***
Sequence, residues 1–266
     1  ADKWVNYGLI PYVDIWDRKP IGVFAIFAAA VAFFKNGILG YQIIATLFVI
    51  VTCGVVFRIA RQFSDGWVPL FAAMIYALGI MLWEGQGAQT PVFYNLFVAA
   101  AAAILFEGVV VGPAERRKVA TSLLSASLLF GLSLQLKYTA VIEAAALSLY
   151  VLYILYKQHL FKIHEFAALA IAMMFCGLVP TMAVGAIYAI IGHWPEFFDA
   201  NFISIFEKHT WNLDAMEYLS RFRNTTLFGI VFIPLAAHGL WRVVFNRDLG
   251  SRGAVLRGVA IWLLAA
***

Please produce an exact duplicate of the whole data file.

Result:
Sequence, residues 1–266
     1  ADKWVNYGLI PYVDIWDRKP IGVFAIFAAA VAFFKNGILG YQIIATLFVI
    51  VTCGVVFRIA RQFSDGWVPL FAAMIYALGI MLWEGQGAQT PVFYNLFVAA
   101  AAAILFEGVV VGPAERRKVA TSLLSASLLF GLSLQLKYTA VIEAAALSLY
   151  VLYILYKQHL FKIHEFAALA IAMMFCGLVP TMAVGAIYAI IGHWPEFFDA
   201  NFISIFEKHT WNLDAMEYLS RFRNTTLFGI VFIPLAAHGL WRVVFNRDLG
   251  SRGAVLRGVA IWLLAA